Can permit parking zones keep up with parking congestion in neighborhoods? Paid parking and outcome measures thought to be key.

May 5, 2019 – Palo Alto Matters

The general, yet imperfect success of Palo Alto’s Residential Preferential Parking permit program has brought some relief to neighborhoods overrun by all day commuter parking, but not without considerable conflict, frustration, cost and effort. Pressure and pushback about gradual reduction of commuter permits has been steady across most RPP districts, complaints about the permit processing, monitoring, and enforcement system have been relentless, and staff turnover has been frequent, largely due to burnout and frustration.

Meanwhile, neighborhood demand for RPP protections continues to grow. A petition to evaluate an RPP district at the east end of the California Avenue underpass received the Planning Commission’s endorsement in late March and is likely get council’s green light on May 13. Another petition, from the Green Acres neighborhood, is waiting in the wings, as are requests to annex additional street parking into the Evergreen Park-Mayfield RPP district and to modify the days and hours that parking is controlled in both Evergreen Park-Mayfield and the Downtown RPP zones.

A newly released RPP study has produced a far reaching recommendation including 35 changes to the city’s parking services designed to make the overall RPP program “more effective, sustainable, and efficient.” The recommendations include council action to contract for an improved permit management system and a study of how to move from pre-paid permits to a system featuring dynamic monitoring and pricing, creation of a new city Parking Manager position, and a dedicated community engagement effort to consider modifications to the RPP program, either through the Planning and Transportation Commission or a small working group including both business and resident representatives. Nine specific issues have been teed up for consideration through that engagement effort.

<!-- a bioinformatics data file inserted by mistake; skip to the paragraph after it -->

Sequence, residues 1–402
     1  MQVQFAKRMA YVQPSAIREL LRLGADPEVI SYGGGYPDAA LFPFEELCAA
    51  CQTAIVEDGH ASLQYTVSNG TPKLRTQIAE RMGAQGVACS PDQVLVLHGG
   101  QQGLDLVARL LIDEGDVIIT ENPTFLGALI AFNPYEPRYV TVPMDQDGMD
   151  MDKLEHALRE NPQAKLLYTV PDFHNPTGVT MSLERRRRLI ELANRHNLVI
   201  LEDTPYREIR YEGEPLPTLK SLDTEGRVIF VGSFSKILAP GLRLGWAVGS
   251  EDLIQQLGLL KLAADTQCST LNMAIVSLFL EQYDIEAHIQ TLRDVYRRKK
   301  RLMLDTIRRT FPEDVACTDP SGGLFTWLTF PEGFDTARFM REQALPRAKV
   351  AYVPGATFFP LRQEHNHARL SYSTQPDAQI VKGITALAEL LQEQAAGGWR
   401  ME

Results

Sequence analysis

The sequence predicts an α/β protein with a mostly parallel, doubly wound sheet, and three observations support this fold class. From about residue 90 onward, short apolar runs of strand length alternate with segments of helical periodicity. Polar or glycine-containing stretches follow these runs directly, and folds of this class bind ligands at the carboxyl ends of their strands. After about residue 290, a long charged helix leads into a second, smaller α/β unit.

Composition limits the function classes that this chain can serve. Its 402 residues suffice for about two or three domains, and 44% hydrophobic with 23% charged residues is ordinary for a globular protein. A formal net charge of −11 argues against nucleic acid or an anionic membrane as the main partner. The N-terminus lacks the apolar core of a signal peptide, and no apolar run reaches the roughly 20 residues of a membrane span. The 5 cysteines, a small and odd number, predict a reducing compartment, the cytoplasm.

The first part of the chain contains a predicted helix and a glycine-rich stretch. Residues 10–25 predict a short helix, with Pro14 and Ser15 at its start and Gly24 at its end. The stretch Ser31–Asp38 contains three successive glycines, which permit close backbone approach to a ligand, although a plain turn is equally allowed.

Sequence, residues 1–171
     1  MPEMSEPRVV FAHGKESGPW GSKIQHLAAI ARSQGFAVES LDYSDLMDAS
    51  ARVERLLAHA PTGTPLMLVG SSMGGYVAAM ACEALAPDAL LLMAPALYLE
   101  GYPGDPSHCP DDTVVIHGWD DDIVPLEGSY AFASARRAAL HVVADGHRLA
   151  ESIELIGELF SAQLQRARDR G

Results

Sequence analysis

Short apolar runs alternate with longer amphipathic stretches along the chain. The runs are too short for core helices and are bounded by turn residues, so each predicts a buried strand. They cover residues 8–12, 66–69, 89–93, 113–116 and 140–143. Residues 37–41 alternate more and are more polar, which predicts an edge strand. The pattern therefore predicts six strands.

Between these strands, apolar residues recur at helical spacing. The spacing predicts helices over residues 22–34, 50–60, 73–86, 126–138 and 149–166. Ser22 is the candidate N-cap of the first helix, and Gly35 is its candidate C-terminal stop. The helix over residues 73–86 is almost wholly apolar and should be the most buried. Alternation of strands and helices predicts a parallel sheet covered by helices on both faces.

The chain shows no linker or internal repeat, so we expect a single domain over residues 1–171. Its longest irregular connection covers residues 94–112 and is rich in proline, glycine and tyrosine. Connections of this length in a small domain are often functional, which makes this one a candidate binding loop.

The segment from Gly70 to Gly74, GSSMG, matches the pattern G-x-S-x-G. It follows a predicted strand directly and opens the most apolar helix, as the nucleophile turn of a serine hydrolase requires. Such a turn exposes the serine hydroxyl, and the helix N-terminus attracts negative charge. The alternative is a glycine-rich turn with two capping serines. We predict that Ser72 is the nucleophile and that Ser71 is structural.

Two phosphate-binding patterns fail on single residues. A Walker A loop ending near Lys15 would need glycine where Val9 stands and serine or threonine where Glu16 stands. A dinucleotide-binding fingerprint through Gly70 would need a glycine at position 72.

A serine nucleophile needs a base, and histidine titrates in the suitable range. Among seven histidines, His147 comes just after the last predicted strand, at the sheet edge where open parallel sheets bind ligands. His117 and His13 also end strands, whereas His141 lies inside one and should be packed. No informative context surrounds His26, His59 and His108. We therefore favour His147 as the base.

Other recommendations target improved management, processing, payment mechanisms, enforcement, and user interface for parking permits both in RPPs and in city lots and garages. The study also calls for an evaluation of the policy, administrative, and legal implications of giving “neighborhood serving businesses” preference in getting employee parking permits.

Notably, the study’s recommendations seem to implicitly concede that RPPs alone are insufficient to manage the city’s parking congestion problems – a challenge that may well intensify due to recently reduced on-site parking requirements for new residential and mixed-use developments. Study recommendations that reach outside the box of parking permits include:

  • Develop a plan to initiate paid hourly parking in the city’s garages and parking lots.
  • Evaluate use of services like Uber and Lyft to reduce the demand for parking as well as the impact on traffic.
  • Use outcome-based measures to assess the effectiveness of Transportation Demand Management initiatives in reducing the number of commuters and business patrons who would otherwise need parking spaces.
  • Institute a performance-driven system based on user-perception to measure quality of service and identify areas where corrective action is needed.

On May 13, beginning at 6:45 pm, City Council will discuss the study, direct staff to develop a work plan, and identify the preferred mechanism for community engagement tasks outlined in the recommendations. Click here for the staff report.

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